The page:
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Philosophical Dilemma

OK, so as the topic states, I have a Philosophical dilemma.  Environmental sustainability and taking care of the Earth is very important to me.  I think about nearly everything I do and how it impacts the environment.  I am very passionate about humane business practices, as well.  I try my best not to shop at stores that I think have questionable business ethics.  For example, I hate Wal Mart. 

I have been making my own household clearners for a while now, and have just begun making my own laundry detergent, too.  Since I have been making all my own cleaners, I use a lot of baking soda, vinegar, and washing soda.  Herein lies my dilemma.  Instead of buying these items at the grocery store, I buy them at Sam's Club (my parents have a membership) in bulk (which are usually really large containers).  So.  Does the amount I'm saving on packaging outweigh the fact that I am supporting a store whose business practices do not match my values.

Disclaimer:  I'm just curious about what people have to say.  I've already made up my mind that the packaging issue is more important to me. 

it's like i think about everything. we live in a world that isn't set up to easily accommodate us. you have to pick your battles and weigh it out. yes, wally world isn't the best place to get stuff, but what are your alternatives that you can afford and get reduced packaging?

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A third option, something I suggest in general for dealing with this sort of corporation: you could continue to shop there, but offset the business you give them by taking things without paying. 

It isn't stealing, I think, since stealing requires that the item belong to the victim, and Walmart/Sam's comes by its wares so unjustly that we cannot seriously consider those items to belong to them in any morally significant way.  Or you can consider yourself to have paid for them, through the ways that Walmart illicitly absorbs your tax dollars.

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A third option, something I suggest in general for dealing with this sort of corporation: you could continue to shop there, but offset the business you give them by taking things without paying. 

It isn't stealing, I think, since stealing requires that the item belong to the victim, and Walmart/Sam's comes by its wares so unjustly that we cannot seriously consider those items to belong to them in any morally significant way.  Or you can consider yourself to have paid for them, through the ways that Walmart illicitly absorbs your tax dollars.

I kind of like this idea Cephi.  The only problem is, I don't think using that logic will work at the Richland County Courthouse.  ;)

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They recently began a policy of prosecuting first-timers only when the items taken value $25 or more.  So, up until the first time you get caught, there's no reason not to take $24 worth of stuff every time you're in there.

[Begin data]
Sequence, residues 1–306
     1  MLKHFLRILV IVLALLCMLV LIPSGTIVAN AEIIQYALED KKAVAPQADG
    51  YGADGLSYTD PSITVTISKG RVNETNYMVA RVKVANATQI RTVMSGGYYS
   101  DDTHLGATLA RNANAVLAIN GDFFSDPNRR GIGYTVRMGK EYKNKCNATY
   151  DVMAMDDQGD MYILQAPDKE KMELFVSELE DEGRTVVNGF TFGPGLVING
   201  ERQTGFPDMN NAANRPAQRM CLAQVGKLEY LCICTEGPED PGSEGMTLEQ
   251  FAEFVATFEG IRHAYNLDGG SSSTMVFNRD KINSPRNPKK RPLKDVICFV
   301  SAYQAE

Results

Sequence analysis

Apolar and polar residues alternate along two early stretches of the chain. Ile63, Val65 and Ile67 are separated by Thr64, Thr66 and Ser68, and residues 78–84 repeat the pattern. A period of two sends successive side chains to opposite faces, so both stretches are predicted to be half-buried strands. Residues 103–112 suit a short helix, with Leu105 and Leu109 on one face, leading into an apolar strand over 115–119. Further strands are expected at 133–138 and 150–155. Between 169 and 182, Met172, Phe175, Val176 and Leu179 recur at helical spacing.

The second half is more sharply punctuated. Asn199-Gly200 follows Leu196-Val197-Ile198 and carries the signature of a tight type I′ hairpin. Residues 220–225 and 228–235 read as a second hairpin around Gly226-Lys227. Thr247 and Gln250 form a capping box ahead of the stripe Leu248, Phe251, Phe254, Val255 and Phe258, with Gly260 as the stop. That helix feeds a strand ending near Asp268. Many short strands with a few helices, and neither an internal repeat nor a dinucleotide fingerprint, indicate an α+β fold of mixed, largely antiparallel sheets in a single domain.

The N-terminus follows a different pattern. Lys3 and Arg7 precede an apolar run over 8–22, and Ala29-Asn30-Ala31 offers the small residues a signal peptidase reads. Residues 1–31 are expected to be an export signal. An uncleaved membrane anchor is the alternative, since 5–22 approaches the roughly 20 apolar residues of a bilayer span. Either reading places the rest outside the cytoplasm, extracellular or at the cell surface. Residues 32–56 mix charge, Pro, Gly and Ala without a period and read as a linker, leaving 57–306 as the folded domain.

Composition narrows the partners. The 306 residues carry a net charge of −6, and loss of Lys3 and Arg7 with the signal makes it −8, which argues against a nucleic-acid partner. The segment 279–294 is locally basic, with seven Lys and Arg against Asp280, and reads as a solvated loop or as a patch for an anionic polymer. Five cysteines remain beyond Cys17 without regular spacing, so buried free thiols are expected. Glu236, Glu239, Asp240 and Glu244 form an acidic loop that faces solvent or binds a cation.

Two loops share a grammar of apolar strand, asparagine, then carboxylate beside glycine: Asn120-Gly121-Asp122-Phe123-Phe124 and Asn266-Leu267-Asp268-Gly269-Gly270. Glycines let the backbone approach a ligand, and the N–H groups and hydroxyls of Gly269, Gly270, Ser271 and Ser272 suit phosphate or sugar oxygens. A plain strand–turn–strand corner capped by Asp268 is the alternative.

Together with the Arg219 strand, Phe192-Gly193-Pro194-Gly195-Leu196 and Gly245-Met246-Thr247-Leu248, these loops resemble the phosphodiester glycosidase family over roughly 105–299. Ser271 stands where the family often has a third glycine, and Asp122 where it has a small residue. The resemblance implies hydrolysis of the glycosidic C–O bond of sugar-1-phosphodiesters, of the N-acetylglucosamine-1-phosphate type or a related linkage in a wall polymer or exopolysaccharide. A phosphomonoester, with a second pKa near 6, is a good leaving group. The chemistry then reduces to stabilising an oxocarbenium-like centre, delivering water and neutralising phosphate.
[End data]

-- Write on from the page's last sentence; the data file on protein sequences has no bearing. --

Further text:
http://money.cnn.com/2006/07/13/news/companies/walmart_shoplifters/index.htm

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wow cephi! i never even thought of it that way!!

lotus:
if i were in your situation i might try to purchase items in bulk on the internets.  ahhh, but then again, environmentalism is the idea, and shipping something accross the country is not good for the country.  ok i take that back.  go to sam's club, steal like cephi said.  and continually write letters to the corporate heads about how they could stop being jerks. 

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I was given a gift membership to sams and have been using it.  I can get things in bulk and it saves me a trip because it is on my way home from work.  Sams Club/Walmart are large corporations so they have their problems.  They are also doing a lot to fix them (everything from their own organic cotton line to commissioning less toxic fluorescent bulbs to installing solar arrays) and get green issues in the news.

P.S.  Stealing is stealing, no matter how you look at it.  Stealing from a company you believe is immoral doesn't make your actions any less immoral.

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On a non-stealing note...you could find alternative places to buy the ingredients...We get a lot of stuff through places like Frankferd Farms which specializes in organics and vegan/vegetarian items. A lot of stuff we get from there comes in bulk too (ahem...50 pounds of organic rolled oats... :D) but it's not a large corporation like Walmart/Sam's Club. I don't know the standard pricing of things, but I do know they have 5 pound bags of baking soda for under $3. So there's an option that might appease your philosophical nagging. :-)